Updated: Jan 10, 2019
No! Is the simple answer.
Prior to working in the City for a VC-funded start-up wanting to break into the UK market I believed you needed to be an extrovert: loud, crazy and funny; anything to get that sale through.
Having moved from technical support to sales, I wanted to be loud, have fun and get paid for it, so I made the decision to move from technical support and had my first official sales interview that lasted over 2 hours.
The MD at the time was impressed with me and my experience; we clicked. It went so well that we went from the meeting room to lunch with the CFO. It was a good fit.
I was then on the sales floor with about half a dozen experienced sales guys. Not having any formal training it was nerve-wracking. I had a flash new title “Business Development Manager”, yet I didn’t know what to expect, let alone that I would be picking up the phone and calling complete strangers. Maybe I was naïve at the time; my expectation was literally to go out and meet customers (I didn’t take into consideration that I would need to cold call and first find the client).
Long story short, I had to observe my peers and learn how to get appointments before I could arrange face-to-face meetings and sell.
Everyone had his/her own technique which made it difficult to pick up plus the rejection rate was pretty high. Eventually, I began to book in appointments. I also introduced cross-selling, as I could immediately see the value and opportunity for myself to earn.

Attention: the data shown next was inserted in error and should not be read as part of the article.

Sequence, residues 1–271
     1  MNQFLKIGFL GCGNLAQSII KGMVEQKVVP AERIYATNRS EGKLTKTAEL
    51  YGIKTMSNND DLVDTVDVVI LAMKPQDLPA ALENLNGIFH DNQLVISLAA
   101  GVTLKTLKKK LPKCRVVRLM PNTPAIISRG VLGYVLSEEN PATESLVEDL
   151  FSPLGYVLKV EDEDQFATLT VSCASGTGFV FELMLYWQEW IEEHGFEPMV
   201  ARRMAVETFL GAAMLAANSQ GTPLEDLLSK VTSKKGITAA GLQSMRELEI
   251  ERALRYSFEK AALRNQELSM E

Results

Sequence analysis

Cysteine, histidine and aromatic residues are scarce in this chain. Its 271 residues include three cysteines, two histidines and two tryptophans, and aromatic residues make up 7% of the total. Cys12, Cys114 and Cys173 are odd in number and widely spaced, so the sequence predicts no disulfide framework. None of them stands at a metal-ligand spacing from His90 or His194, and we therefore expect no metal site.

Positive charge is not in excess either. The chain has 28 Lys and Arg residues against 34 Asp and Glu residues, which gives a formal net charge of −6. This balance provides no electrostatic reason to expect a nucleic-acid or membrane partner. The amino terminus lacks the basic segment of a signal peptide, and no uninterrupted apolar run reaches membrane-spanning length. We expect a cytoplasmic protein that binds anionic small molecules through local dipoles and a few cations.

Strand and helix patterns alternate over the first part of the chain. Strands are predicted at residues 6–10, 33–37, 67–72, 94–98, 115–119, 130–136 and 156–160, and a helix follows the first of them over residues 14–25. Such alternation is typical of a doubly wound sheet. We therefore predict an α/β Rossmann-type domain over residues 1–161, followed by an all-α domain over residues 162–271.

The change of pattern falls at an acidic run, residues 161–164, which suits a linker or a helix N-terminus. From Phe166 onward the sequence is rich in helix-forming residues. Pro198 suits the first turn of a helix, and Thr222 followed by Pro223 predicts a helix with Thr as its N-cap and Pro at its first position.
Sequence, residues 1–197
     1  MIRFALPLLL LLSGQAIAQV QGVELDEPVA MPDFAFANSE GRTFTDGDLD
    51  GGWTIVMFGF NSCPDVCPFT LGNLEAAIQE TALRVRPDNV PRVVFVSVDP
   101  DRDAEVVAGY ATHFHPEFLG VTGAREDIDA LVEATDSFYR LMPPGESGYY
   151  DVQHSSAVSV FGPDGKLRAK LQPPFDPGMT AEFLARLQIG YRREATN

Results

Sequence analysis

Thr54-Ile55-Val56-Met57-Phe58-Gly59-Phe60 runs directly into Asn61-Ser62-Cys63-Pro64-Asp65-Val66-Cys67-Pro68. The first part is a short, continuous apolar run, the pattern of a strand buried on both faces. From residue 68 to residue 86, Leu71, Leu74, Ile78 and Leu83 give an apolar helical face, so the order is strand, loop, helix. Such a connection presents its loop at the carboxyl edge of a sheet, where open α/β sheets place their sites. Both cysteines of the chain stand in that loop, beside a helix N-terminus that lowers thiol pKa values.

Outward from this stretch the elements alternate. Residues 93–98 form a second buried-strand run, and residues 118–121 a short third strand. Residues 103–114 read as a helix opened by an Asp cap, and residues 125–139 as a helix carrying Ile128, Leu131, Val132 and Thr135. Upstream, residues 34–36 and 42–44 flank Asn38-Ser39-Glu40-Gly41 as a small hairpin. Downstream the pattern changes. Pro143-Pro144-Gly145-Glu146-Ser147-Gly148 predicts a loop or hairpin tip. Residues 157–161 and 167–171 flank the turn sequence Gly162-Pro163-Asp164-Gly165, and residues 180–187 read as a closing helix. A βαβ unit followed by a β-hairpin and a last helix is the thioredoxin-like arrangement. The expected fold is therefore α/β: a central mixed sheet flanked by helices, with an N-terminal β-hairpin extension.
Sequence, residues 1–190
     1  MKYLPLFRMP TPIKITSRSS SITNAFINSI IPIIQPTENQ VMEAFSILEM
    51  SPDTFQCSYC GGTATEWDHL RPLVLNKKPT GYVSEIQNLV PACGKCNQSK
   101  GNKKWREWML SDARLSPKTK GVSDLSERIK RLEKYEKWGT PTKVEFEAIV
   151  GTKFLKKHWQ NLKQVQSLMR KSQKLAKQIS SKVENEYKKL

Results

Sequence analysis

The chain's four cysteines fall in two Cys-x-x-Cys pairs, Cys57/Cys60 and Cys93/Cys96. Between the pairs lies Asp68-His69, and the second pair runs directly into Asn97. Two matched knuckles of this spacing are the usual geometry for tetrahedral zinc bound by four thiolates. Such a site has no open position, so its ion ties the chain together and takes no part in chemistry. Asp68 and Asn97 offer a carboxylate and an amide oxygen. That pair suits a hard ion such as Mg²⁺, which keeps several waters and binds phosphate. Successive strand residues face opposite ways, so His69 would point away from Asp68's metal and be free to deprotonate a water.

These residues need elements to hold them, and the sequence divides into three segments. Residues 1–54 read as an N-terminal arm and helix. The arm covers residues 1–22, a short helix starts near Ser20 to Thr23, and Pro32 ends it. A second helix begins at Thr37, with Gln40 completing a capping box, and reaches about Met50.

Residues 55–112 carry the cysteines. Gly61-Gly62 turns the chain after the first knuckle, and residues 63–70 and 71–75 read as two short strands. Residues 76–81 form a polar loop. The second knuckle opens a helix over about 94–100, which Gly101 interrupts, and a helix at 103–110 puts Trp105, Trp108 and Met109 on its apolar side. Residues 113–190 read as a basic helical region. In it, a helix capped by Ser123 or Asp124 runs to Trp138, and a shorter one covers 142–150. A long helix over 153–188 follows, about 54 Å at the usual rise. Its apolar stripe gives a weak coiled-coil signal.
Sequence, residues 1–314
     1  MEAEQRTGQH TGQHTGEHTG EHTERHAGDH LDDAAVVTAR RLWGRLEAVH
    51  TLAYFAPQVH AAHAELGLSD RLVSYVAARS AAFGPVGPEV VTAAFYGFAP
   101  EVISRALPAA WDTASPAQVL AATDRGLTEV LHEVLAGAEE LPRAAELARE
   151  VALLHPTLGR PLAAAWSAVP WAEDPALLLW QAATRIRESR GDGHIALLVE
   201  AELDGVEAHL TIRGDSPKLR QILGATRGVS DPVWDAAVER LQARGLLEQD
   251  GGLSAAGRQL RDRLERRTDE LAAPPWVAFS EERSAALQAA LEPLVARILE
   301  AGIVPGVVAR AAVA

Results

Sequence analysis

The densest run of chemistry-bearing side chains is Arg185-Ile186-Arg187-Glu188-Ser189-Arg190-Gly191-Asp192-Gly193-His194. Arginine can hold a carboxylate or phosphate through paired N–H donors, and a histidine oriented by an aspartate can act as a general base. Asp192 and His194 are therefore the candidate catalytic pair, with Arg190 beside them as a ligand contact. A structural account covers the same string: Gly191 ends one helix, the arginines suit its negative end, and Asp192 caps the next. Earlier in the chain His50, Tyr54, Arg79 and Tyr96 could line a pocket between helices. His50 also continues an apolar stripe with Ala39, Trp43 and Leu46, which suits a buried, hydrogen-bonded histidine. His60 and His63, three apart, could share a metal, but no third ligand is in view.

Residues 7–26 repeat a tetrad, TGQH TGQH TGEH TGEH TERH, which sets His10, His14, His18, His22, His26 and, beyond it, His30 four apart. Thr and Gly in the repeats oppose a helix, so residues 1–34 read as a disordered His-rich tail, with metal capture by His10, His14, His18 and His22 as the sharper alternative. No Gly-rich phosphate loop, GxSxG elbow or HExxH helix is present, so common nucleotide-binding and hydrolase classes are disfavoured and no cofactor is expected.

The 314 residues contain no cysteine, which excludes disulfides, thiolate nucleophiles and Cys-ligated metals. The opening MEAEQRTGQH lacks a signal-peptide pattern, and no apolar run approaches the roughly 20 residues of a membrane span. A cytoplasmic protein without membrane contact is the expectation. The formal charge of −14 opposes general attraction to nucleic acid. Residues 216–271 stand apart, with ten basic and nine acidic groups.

Moving forward, I worked for an Information Security Consultancy, which changed everything. I was already pretty good at sales and getting commitments from prospects, yet, change was afoot. I was instructed to change my vocab(ulary), with which I was not comfortable. “If it works, why fix it?”
Then came the #gameChanger – ask questions and listen! My commercial sales director was neither loud nor crazy but reserved, well-mannered and tempered. *during my time in sales I found some of the quieter and more experienced sales professionals had zero substance to their character. Other than his/her ability to ask great questions and start conversations, it became apparent that he/she lacked personality. I do not mean this in a negative way; it's a case in point that you don't need to be an extrovert to be good at sales. They were incredibly good at asking questions, positioning and selling.
This approach to sales and cold calling changed everything; I began to have numerous conversations with a greater conversion rate of high-value solutions and services being offered.
The Takeaway - Stop talking and start listening!
Other than train the other #officeMonkey I was learning of a different approach to sales; one that I would eventually merge with my City sales experience and bring with me to Asia.